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Infect Immun. 2002 Oct;70(10):5721-9.

Characterization of a murine model of Ureaplasma urealyticum pneumonia.

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  • 1Department of Pediatrics, University of Maryland School of Medicine, University of Maryland at Baltimore, Baltimore, Maryland, USA.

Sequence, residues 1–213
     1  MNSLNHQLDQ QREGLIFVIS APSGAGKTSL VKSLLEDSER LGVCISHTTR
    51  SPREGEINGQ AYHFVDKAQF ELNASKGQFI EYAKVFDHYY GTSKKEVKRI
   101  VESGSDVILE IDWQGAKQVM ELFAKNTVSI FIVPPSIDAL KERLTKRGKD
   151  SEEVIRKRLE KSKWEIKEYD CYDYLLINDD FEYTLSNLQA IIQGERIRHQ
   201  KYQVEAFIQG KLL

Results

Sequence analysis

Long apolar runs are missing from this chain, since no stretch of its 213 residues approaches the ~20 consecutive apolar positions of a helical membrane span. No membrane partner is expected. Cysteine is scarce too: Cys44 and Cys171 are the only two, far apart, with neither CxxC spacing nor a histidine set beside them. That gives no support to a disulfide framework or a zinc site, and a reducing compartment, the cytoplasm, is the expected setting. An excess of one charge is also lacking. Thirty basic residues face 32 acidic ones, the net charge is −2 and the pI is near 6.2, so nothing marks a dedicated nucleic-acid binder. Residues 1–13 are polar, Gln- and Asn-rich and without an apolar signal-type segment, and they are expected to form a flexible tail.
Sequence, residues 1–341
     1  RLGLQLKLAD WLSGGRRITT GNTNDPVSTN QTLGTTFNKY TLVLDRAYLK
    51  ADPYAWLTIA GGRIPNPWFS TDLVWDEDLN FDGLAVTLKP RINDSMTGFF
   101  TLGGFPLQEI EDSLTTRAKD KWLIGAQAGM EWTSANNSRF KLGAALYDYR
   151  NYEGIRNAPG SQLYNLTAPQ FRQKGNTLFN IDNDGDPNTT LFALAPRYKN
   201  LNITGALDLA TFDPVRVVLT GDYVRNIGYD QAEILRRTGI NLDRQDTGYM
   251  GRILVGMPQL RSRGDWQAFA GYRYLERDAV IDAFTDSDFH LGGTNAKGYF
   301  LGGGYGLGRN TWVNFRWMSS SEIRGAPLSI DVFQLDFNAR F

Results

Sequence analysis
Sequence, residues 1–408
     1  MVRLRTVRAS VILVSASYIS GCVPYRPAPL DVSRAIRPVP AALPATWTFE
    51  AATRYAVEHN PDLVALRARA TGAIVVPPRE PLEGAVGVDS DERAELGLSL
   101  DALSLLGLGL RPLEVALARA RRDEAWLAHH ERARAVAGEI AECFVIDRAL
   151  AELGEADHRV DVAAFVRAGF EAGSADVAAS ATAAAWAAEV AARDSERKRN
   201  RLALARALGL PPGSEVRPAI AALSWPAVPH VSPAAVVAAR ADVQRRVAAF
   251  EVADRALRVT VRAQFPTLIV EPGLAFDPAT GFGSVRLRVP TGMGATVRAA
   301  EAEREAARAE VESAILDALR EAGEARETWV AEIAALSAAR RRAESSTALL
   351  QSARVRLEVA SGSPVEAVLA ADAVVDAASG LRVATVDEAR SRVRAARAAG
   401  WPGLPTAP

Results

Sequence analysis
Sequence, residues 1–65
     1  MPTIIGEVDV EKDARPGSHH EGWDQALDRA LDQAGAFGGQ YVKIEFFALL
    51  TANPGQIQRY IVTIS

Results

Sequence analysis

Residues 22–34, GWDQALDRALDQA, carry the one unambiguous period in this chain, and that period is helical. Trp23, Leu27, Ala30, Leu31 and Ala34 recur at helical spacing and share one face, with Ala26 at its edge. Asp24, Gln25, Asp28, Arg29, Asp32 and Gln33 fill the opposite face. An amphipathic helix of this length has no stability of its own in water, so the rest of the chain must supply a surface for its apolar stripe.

Ureaplasma urealyticum respiratory tract colonization in preterm infants has been associated with a high incidence of pneumonia and the development of bronchopulmonary dysplasia. However, study of this human pathogen has been hampered by the absence of animal models. We have developed the first juvenile mouse model of Ureaplasma pneumonia and characterized the histopathology during the month following inoculation. C3H/HeN mice were inoculated intratracheally with a mouse-adapted clinical Ureaplasma isolate (biovar 2) or sham inoculated with 10B broth. Culture of lung homogenates and PCR of DNA from bronchoalveolar lavage fluid (BAL) confirmed the presence of Ureaplasma in 100% of inoculated animals at 1 day, 60% at 2 days, 50% at 3 days, and 25% at 7 and 14 days. Ureaplasma was undetectable 28 days postinoculation. There were marked changes in BAL and interstitial-cell composition with increased number of polymorphonuclear leukocytes 1 to 2 days and 14 days postinoculation and macrophages at 2 and 14 days postinoculation. The Ureaplasma infection caused a persistent focal loss of airway ciliated epithelium and a mild increase in interstitial cellularity. There were no differences in BAL protein concentration during the first 28 days, suggesting that pulmonary vascular endothelial barrier integrity remained intact. Comparison of BAL cytokine and chemokine concentrations revealed low levels of tumor necrosis factor alpha (TNF-alpha) at 3 days and monocyte chemoattractant protein 1 at 7 days in Ureaplasma-infected mice but a trend toward increased TNF-alpha at 14 days and increased granulocyte-macrophage colony-stimulating factor and interleukin-10 at 28 days. These data suggest that Ureaplasma alone may cause limited inflammation and minimal tissue injury in the early phase of infection but may promote a mild chronic inflammatory response in the later phase of infection (days 14 to 28), similar to the process that occurs in human newborns.

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